We Also Need To “Restore Sanity” In Food Politics

  • Published on October 31st, 2010


Yesterday I drove 28 miles to attend the San Diego version of the “Rally to Restore Sanity.”  I’m glad I did.  Even in this Southern California bastion of political conservatism, there were at least 200 people meeting at Dick’s Last Resort to watch the DC event and to encourage each other that we are not alone as people who don’t like the hyper-partisan trend in politics.   The media continues to characterize the participants as predominantly young people.  In fact, there were a great many grey-haired folks like myself at the rally and on the National Mall.  This was definitely a cross-generational event.

Yesterday’s event in DC was a dose of badly needed encouragement for me as a political moderate.  It also made me wish that there were some highly talented satirists like Stewart and Colbert who would talk about food politics.

Food Politics Is A Little Bit Different, But Not Entirely

The Comedy Central team did a great job yesterday of pointing out the absurdity and imbalance in the world of cable news.  They called them out for promoting irrational fear (both from the right and from the left).  From my perspective as an agricultural scientist, there is a similar set of voices out there promoting fear about agriculture.  These sources present the same sort of “circus mirror view” of modern agriculture that John Stewart described for other politics yesterday.  In general politics, people carelessly throw around accusations of “racism,” or “socialism,” and compare people to Hitler.  In food politics the equivalent emotive terms are things like “industrial agriculture“,”profit-driven” and “Frankenfoods.”  In neither setting are people being given balanced information.

These voices relentlessly demonize farmers in a way that completely misrepresents the kind of hard-working, risk-taking, environmentally concerned people I know them to be.  They paint a monolithic image of farming as an environmental disaster with no recognition of the great advances that have been made.  These voices also demonize any “corporate” actors even though these are the entities that have invested the billions of dollars necessary to give us any hope of feeding the world over the next few decades.

These voices generate continual, breathless predictions of impending disaster related to GMOs, even though no such thing has happened after nearly 15 years of deployment of that technology on billions of acres of farm land.  There seems to be no statue of limitations when it comes to saying that “the sky is falling!”

Agriculture Has Problems and Challenges, But This Isn’t Helping

As Stewart pointed out yesterday, sources of frantic hyperbole do not cause our problems, but they make it far harder to solve our problems. It is no real surprise that the industry with the largest, physical footprint (billions of acres) would have real environmental issues.  What is not acknowledged by most of the fear purveyors is that we have learned  how to minimize or eliminate important problems and made real progress.  Now we should be talking about how to implement the best environmental practices on the hundreds of millions of acres of “conventional” farmland.  We can’t keep pretending that something like “Local” or “Organic” will ever be more than a small contribution to the overall challenge.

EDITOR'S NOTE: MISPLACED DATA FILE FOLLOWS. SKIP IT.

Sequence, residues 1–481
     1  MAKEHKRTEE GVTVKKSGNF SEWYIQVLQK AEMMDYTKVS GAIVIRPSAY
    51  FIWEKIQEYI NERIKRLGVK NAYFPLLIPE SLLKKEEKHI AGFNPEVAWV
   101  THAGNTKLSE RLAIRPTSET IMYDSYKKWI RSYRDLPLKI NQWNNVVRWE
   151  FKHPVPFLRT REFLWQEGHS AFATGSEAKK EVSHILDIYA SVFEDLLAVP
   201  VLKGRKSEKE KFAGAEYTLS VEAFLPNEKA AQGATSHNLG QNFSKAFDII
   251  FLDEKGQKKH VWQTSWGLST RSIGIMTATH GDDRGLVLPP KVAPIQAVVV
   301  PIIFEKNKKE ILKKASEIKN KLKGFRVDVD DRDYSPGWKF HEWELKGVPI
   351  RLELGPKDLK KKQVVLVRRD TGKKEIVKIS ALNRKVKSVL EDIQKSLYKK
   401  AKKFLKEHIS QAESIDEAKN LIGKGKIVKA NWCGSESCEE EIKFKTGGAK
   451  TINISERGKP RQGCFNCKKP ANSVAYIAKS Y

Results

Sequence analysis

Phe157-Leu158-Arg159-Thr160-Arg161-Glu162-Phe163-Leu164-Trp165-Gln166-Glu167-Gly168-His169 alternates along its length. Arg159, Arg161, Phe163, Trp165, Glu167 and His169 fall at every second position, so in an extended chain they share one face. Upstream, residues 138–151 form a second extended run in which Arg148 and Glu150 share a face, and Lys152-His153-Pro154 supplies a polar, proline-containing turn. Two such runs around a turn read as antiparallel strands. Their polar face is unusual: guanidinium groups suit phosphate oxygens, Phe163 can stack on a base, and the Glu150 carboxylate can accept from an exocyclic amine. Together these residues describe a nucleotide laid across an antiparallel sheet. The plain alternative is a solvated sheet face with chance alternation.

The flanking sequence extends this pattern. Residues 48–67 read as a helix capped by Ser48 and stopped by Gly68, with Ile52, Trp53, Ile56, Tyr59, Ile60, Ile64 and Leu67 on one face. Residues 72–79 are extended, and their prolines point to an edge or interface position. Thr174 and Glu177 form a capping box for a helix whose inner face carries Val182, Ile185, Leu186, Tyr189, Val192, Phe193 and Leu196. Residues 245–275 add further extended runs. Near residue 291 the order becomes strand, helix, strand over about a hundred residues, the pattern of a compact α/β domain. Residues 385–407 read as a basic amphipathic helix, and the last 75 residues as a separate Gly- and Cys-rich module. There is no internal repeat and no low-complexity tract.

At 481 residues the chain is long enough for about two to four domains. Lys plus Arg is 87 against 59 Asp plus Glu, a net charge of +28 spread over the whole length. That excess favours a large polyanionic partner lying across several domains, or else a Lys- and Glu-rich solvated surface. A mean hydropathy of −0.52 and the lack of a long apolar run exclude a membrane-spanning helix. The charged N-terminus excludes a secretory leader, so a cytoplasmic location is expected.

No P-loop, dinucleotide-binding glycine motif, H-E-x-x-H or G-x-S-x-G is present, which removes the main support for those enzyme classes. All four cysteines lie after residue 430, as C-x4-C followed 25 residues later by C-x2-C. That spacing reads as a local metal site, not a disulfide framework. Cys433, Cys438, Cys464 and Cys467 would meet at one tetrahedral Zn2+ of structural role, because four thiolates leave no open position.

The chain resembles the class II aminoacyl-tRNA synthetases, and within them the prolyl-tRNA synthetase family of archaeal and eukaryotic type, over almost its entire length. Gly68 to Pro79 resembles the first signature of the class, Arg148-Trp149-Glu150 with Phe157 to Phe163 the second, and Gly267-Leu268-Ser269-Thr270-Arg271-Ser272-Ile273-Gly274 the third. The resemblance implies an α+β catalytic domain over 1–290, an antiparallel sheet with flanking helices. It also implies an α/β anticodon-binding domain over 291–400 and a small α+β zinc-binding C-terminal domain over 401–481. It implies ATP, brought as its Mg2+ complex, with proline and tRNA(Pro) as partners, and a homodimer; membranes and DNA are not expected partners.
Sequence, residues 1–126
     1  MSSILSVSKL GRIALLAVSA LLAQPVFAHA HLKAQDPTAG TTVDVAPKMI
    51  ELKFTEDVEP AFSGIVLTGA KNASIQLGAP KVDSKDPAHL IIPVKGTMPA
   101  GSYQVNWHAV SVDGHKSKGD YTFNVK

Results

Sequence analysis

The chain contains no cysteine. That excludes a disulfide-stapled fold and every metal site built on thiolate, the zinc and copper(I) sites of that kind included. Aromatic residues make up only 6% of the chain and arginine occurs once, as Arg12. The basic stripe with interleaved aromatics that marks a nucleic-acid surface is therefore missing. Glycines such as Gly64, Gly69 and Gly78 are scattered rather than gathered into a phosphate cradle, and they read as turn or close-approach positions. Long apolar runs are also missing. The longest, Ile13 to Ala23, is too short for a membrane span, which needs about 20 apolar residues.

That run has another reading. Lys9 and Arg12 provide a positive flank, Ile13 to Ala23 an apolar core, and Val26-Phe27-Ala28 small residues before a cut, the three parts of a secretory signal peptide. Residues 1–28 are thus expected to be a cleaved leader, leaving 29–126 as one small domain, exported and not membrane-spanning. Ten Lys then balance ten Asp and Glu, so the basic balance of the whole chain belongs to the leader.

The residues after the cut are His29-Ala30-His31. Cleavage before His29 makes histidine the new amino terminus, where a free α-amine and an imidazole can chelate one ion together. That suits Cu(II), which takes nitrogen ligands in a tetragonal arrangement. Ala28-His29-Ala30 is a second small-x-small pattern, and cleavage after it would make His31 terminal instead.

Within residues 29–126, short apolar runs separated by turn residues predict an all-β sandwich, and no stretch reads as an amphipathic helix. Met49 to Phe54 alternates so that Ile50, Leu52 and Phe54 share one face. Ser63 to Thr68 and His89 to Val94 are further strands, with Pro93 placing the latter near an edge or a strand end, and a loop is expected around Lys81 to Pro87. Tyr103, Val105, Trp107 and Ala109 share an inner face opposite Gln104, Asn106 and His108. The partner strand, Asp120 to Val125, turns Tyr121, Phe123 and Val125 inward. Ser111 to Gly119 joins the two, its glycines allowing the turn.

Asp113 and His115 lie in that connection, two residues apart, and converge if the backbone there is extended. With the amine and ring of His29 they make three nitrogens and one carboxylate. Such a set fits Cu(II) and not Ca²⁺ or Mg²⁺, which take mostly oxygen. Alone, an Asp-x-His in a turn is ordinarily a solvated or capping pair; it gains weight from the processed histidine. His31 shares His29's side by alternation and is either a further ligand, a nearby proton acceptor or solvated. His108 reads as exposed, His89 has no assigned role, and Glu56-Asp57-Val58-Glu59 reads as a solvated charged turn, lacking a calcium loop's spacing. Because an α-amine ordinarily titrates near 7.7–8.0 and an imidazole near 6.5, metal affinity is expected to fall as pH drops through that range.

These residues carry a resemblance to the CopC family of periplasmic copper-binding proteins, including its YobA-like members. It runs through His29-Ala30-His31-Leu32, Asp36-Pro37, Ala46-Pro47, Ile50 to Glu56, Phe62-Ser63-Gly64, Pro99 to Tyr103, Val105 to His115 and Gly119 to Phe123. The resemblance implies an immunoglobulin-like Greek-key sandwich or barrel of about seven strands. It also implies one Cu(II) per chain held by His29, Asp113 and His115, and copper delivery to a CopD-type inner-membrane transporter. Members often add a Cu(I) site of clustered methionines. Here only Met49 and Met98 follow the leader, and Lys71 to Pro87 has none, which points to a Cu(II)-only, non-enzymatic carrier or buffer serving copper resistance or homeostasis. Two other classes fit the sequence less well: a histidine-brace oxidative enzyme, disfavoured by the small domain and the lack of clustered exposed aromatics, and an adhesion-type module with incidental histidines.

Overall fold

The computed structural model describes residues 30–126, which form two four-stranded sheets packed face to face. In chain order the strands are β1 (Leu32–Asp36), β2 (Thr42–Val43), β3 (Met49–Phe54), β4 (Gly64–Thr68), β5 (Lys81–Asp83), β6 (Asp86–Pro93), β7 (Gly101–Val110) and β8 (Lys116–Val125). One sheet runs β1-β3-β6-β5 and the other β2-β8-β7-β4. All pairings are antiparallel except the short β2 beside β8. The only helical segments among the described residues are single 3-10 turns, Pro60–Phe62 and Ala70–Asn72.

We need to discuss why not all farming is not being done in the best possible way.  It is not because of some “vast corporate conspiracy.” It is not because we lack for “family farms” or “responsible farmers.”    It is because we as a society do not “monetize externalities” (pay for the true environmental costs) in a way that would help farmers to afford certain changes.  It is because we don’t have farmland lease structures that make it practical for growers to make the multi-year investment that it takes to transition land into the sort of “drought proofed” and “pollution protected” soils that are possible.  We can make some significant progress, but not by demonizing each other.

As with the rest of our national politics, the stakes are high.  Feeding the world in an age of climate change while protecting the environment is a huge and critical challenge with major strategic, economic and moral implications.  The topic deserves sane discourse, not alarmism and demonization.  This is another sphere were we desperately need to “Restore Sanity.”

You are welcome to comment on this post or to email me at feedback.sdsavage@gmail.com

Rally poster image from Cliff1066

About the Author

Born in Denver, now living near San Diego. Agricultural scientist for 30+ years with a Ph.D. in Plant Pathology. Have worked for Colorado State University, DuPont and Mycogen and for the last 13 years consulting for all sorts or companies, universities and grower groups. Experience in biological control, natural products, synthetic chemicals, genetics, GMOs and agronomic practices. Have given multiple invited talks on the interaction between agriculture and climate change (both ways)


  • I couldn’t agree more, Steve. The whole time I was watching that rally I was thinking of this as a specific instance of people talking past each other–“Why would you reach across the aisle to a pumpkin-assed, forehead eyeball monster?”

    And the hyperbole yields this: “If we amplify everything, we hear nothing.”

    But everyone hates the people in the middle trying to bridge this–both sides aim at them. It is very hard to stand there. Do you know how much e-ink I saw spilled yesterday calling Jon Stewart a corporate shill? Sigh….

Comments are closed.